Prearranged insider stock sales are emerging as perhaps the sweetest executive perk since the Gulfstream jet.
Executive pay has grabbed headlines in recent months, thanks in part to possible stock-option manipulation at numerous companies. But fat cats like
chief John Chambers show there's an easier way to help yourself to shareholder wealth.
Through a fully disclosed and transparent 10b5-1 plan, Chambers has availed himself to a swimming pool-sized pot of cream. Since his selling started on Aug. 17, 2004, Chambers has pocketed $98.3 million in net proceeds by selling 8.1 million shares.
Unlike so-called option backdating, 10b5-1 plans raise no tax or disclosure issues. But that doesn't mean they're good for shareholders, some observers say. Since Chambers enrolled in his 10b5-1, Cisco shares are up 8%, trailing the 16% gain in the S&P 500.
Regardless of their effect on the stock, the plans can certainly provide ample income for well-paid execs. Sales have funneled the equivalent of $150,000 a day to Chambers' already deep pockets.
"That's certainly more than the minimum wage," says author Bruce Ellig, who is working on the second edition of his book,
The Complete Guide to Executive Compensation
. "I'm not a big believer in CEOs selling. Stocks should be an asset, not a source of income."
But it is little wonder that Chambers is on record backing stock-based compensation. "Stock options are a shot for employees at the American dream," he once said. And who would know better?
The good news for Cisco holders is that Chambers, who is set to add a chairman's post to his CEO title in November, is almost halfway through his four-year selling arrangement. The plan allows him to unload up to $300 million worth of stock.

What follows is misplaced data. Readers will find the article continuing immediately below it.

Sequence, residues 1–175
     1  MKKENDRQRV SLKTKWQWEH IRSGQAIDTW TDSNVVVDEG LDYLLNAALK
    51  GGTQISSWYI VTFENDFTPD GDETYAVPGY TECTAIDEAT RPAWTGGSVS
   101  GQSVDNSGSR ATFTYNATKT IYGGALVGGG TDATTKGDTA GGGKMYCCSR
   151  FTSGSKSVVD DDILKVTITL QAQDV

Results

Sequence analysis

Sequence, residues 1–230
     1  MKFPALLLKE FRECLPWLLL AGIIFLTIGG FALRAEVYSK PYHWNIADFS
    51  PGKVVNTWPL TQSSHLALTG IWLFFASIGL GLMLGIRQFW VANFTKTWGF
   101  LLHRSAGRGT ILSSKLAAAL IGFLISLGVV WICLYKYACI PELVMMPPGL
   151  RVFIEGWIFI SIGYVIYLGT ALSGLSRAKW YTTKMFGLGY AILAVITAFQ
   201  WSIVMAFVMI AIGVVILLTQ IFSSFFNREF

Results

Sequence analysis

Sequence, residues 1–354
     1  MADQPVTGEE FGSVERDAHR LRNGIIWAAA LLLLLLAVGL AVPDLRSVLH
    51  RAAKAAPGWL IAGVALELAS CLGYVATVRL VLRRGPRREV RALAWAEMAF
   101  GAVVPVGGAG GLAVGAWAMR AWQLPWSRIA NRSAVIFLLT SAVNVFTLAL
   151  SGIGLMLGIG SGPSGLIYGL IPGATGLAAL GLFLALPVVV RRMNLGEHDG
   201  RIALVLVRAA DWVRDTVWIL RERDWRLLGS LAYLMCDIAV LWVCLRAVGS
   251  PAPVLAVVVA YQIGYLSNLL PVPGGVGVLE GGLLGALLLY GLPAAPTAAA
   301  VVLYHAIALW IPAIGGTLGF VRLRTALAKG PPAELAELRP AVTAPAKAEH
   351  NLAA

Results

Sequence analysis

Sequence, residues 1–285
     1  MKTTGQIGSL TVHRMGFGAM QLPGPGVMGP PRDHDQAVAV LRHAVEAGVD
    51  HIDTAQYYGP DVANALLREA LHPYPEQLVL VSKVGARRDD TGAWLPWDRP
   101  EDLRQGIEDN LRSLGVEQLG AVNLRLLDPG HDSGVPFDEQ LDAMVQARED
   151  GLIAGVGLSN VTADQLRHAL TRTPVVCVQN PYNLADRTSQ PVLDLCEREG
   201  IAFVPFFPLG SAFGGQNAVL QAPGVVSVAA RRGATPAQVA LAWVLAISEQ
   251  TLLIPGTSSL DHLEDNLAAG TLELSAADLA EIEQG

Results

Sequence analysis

In his latest quarterly cashout, Chambers sold 1.29 million shares on May 18 at about $20.34 apiece, according to a
Securities and Exchange Commission
filing. With a strike price on the options of $12.27, Chambers netted $9.69 million in proceeds from the deal.
Chambers retained 60,000 shares in the transaction, taking his total stock holding to 3.49 million.
A Cisco representative says the options involved are typically facing expiration and that a big portion of the proceeds go to taxes. The options, in this recent deal, were set to expire on May 1, 2007.
Critics point out that Chambers' big selling program coincides with Cisco's
$40 billion stock buyback effort. This only highlights concerns that too much of the company's cash is
flowing into the pockets of option-larded executives.
In February, Chambers sold 1.37 million shares for a net gain of $19.9 million. And in November, he netted $15.9 million. During the previous fiscal year ended in July 2005, Chambers sold 4.1 million shares, leaving him about $52.8 million after the cost of exercising the options.
"If you have to sell, then the 10b is the best way to do it," says Ellig. "But I've become a skeptic in the world of executive pay, given what's gone on these past few years. I think there is more than one way you can skin the 10b."